Tuesday, July 7, 2015

The Art of the Matter

For my Media Criticism RTV4403 course, I was asked to define art. When classifying something as art, immediately minds imagine the complex painting style of Vincent Van Gogh, Michael Jackson's famous moves, or the legendary photographs of Ansel Adams. These forms of artistic expression achieved the title of "art" because of their unique style and bold display. This painting is claimed to be an artistic form of expressionism. When did strokes of color against a cloth become artistic? Who decides when art is art?

For the longest time, I viewed art as something that another person could create with its own diverse makeup, that caused others to view a subject in an uncommon way. However, in my years at Florida State College of Jacksonville, I'm learning that art does not lie only in its completion. In my opinion, art greatly includes the constructing process just as much as, if not more than, the finished product. For example, Albert Einstein is famous for his intellectual accomplishments. There is no doubt he viewed the world differently and greatly impacted mathematics as a whole. At the same time, he turned down an offer to become the second president of Israel because he claimed to lack the ability to deal with people. A mind that could solve universal problems on an extraordinary level could not effectively deal with and lead others.

As a result, it is my belief that leadership is an art. It is something that requires unique style, bold display, creativity, and for the leader to view situations on a different level than the common mind. A child can tell you what he/she likes, how he/she wants things done, and pitch a fit if it does not turn out as planned. This is neither art, nor is it true leadership. A good leader can apply critical thinking to problem solving for the sake of others. Leadership requires patience as one must endure the roller coaster of human emotion, passion, and failure. Then again, leadership cannot be displayed in a museum or put up for auction.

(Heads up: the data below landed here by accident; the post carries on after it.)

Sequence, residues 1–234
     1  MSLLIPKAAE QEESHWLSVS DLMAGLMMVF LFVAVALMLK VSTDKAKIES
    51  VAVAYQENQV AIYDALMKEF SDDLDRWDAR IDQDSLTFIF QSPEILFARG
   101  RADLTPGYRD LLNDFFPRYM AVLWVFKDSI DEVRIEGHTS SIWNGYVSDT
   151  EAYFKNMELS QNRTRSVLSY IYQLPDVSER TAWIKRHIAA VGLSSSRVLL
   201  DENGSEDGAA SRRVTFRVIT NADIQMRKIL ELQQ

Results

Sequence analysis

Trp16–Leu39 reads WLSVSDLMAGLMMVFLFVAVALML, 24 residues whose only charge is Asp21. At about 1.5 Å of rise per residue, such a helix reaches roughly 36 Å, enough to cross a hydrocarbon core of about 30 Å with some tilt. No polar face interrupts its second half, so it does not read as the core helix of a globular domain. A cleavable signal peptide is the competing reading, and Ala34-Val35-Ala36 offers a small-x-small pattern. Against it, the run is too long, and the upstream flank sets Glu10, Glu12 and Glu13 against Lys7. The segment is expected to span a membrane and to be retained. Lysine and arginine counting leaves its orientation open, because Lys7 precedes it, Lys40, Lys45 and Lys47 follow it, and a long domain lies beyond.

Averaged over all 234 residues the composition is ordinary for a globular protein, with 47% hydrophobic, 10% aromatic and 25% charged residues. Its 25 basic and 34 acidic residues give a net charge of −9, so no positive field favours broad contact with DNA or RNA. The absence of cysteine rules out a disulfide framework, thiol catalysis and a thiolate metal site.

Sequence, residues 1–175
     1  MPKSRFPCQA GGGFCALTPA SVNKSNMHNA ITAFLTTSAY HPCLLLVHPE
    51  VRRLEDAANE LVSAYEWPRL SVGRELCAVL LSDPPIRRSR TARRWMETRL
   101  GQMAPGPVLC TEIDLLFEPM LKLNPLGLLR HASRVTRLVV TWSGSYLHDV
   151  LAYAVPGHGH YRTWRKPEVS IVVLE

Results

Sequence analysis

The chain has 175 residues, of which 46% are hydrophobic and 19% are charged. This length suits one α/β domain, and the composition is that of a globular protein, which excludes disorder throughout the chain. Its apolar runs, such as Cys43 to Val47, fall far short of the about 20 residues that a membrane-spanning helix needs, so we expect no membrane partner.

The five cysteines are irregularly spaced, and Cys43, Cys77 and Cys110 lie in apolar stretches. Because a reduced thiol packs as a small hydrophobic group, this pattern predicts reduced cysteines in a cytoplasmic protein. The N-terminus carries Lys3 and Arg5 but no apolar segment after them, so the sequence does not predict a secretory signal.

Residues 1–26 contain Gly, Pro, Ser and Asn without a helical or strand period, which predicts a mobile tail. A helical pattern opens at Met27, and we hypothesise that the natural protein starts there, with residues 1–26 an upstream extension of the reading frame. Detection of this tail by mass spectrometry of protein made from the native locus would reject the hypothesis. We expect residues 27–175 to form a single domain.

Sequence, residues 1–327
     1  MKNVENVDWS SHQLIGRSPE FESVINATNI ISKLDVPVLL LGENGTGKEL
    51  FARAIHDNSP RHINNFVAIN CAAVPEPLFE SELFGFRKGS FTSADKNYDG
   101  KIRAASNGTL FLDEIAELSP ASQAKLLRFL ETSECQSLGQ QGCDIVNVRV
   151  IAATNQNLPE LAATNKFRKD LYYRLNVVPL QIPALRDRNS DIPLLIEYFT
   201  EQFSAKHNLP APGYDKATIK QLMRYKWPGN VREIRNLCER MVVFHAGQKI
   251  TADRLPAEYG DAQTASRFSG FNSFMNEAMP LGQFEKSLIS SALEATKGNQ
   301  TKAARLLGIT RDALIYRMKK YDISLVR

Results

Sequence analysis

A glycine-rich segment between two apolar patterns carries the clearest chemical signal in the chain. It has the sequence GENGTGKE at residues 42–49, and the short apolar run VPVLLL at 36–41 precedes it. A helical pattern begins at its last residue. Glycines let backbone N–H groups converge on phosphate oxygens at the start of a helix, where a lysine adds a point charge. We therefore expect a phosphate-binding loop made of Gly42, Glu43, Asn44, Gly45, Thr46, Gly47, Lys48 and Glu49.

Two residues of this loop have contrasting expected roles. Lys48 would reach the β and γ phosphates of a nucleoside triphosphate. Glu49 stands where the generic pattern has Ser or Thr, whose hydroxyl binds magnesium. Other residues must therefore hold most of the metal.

In like manner, I view graphic design as art. The formation of binary code to create digital compositions is absolutely astounding. It takes intellectual comprehension of computational linguistics and an out-of-the-box creative mindset. Inventors who take the time to master this art can then produce complex video games, advertisements, movies, and more. Rather than repeating the same techniques, modern games grant players the ability to create, build, transform, and increase within the virtual realm.

All things considered, I no longer can limit art to creative paintings and pictures. I am unable to see how capturing a photograph of something that exists somewhere is art. The human mind itself is a work of art that has yet to be understood. Its ability to form thoughts and ideas and to implement said thoughts and ideas is a work of art. I view art as a proficiency and capability that many can recognize, but few can achieve.

1 comment:

  1. Leadership as art is an example of fine abstract thinking. Strong post!